3. Prioritize teacher-led assessments and learning over high-stakes, state-mandated standardized tests.

Citrus County is certainly not the only district facing serious staffing shortages. That is why I believe solutions must begin with our legislators in Tallahassee. I look forward to thanking you for your support!

 

Thank An Educator

May 3-7, 2021 ~ Teacher & Staff Appreciation Week has never meant quite so much...

Citrus County's educators have met the challenges of teaching during a pandemic with determination, creativity, patience, and care--all to keep students safe and learning. There is no doubt that our public school employees have truly gone above and beyond to support students and the community as a whole. Here's your opportunity to show appreciation for the unique contributions of the teachers and school staff who are making a difference every day!

Submit a shout-out to the teacher or school staff member that you'd like to recognize and we'll deliver your message to them along with a small token of appreciation!   

CLICK HERE

ACTION ALERT: Protect FRS

The Florida Retirement System (FRS) is routinely found to be one of the healthiest and well-funded in the country. Despite this fact politicians continue to attack it.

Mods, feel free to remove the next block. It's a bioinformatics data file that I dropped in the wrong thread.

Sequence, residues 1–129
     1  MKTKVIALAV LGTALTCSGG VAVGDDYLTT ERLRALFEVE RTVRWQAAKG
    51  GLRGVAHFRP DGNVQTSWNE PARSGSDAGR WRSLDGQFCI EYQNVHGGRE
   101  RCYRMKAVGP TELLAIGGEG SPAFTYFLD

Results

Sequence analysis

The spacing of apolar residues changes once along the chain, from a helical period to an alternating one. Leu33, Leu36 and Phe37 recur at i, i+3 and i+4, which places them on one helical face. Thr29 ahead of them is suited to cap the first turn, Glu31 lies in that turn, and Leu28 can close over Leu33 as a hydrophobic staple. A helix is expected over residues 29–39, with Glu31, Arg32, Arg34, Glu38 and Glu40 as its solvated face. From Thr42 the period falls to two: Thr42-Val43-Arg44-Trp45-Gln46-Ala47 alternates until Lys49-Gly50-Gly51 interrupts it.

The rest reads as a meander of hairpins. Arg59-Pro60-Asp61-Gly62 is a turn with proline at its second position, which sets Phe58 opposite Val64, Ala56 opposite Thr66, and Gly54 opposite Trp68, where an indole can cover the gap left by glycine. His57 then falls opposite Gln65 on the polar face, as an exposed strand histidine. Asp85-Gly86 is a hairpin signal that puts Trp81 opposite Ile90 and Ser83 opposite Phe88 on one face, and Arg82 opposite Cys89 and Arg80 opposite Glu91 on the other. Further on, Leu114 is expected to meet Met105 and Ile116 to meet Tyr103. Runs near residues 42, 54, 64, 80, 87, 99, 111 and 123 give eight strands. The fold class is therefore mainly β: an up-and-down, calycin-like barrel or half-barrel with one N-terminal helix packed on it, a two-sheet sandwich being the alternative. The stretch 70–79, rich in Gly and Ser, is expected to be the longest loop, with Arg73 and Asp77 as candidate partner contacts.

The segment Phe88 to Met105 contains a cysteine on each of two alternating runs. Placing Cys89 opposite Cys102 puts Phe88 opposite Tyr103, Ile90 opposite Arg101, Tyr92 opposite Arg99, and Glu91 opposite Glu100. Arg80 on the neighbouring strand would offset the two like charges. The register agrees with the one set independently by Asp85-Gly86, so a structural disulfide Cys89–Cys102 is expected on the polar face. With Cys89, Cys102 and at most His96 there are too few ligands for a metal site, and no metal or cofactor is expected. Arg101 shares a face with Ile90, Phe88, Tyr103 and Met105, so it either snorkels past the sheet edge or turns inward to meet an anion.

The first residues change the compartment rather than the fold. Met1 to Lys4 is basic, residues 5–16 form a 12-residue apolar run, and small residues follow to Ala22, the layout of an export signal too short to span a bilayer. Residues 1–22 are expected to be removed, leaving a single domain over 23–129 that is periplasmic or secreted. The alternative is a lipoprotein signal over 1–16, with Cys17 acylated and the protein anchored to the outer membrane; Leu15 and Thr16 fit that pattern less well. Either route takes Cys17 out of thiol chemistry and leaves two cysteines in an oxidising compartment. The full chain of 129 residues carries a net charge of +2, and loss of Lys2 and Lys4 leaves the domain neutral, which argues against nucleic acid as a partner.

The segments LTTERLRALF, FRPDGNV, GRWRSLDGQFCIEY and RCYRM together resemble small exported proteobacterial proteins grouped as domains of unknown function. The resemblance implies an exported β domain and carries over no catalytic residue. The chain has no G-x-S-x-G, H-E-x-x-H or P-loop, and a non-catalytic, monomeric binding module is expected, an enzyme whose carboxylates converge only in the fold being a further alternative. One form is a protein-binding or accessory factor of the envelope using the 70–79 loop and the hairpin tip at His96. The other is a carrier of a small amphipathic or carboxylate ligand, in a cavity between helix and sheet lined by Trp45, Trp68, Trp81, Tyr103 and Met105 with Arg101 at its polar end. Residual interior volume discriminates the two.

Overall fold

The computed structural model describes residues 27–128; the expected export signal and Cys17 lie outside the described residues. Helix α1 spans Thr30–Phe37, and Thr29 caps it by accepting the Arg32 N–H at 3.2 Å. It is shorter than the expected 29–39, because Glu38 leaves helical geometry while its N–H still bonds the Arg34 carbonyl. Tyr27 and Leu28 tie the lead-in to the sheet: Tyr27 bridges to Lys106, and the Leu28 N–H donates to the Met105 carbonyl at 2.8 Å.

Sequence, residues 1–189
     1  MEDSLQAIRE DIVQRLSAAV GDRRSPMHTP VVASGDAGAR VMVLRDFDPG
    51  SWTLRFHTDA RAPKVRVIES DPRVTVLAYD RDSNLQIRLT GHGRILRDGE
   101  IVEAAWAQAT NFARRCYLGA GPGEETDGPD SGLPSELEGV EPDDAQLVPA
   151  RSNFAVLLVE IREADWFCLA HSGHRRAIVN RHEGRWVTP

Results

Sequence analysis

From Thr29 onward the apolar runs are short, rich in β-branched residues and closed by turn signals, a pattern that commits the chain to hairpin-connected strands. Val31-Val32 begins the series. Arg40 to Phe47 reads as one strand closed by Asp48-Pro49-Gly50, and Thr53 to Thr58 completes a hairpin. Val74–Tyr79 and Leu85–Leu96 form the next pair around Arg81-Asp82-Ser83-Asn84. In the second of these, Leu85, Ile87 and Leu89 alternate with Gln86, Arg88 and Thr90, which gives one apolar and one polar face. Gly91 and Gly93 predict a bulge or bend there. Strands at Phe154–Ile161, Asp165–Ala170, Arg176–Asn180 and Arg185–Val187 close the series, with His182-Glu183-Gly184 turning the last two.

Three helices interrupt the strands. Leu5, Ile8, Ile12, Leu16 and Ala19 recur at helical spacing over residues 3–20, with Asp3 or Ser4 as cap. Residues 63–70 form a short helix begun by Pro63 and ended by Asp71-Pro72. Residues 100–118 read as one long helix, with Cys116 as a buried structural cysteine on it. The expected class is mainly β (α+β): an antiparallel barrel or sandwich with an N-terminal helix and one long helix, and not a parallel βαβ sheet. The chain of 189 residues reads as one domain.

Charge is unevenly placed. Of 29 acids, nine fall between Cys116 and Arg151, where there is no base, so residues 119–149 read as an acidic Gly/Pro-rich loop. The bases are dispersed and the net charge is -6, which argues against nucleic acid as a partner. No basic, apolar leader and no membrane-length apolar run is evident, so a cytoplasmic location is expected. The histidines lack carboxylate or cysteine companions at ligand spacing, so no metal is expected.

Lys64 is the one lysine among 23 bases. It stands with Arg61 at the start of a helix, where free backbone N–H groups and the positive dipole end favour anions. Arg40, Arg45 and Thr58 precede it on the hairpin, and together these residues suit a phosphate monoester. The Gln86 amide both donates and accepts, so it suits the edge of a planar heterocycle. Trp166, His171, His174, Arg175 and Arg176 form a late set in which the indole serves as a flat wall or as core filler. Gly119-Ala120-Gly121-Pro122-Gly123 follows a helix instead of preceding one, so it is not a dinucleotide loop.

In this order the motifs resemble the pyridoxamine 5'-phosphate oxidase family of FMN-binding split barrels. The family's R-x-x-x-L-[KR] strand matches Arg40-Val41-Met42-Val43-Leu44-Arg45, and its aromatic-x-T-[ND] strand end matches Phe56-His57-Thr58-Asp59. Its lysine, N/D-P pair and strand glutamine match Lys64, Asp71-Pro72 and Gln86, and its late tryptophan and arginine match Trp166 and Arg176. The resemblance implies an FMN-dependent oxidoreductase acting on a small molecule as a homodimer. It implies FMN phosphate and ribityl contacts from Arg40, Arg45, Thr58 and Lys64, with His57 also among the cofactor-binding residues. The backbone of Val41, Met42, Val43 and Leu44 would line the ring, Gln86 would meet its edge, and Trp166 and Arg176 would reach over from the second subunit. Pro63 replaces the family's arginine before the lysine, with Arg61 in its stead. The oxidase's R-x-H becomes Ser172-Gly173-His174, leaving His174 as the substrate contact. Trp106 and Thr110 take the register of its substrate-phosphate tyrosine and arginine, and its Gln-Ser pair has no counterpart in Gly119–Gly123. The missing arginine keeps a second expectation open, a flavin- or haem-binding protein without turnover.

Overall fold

Ask Legislators to Pause High-Stakes Testing

Policy makers’ devotion to standardized testing and flawed measurements of learning gains under the guise of ‘accountability’ are stumbling blocks for high-quality instruction in a normal year. In the middle of a pandemic, such obsessions are no less than educational malpractice.

Email the Governor: Keep Students & Educators Safe in the Ongoing Pandemic

Though it seems the spread of the coronavirus through our community may be subsiding, the health and well-being of our students and educators is dependent upon the vigilance of every one of us. Even as we practice physical distancing and continue to wear masks, we know that more must be done to provide for the safest possible learning environment for EVERY student and public school employee. 

That's why we continue to call upon the Governor to take the following additional steps: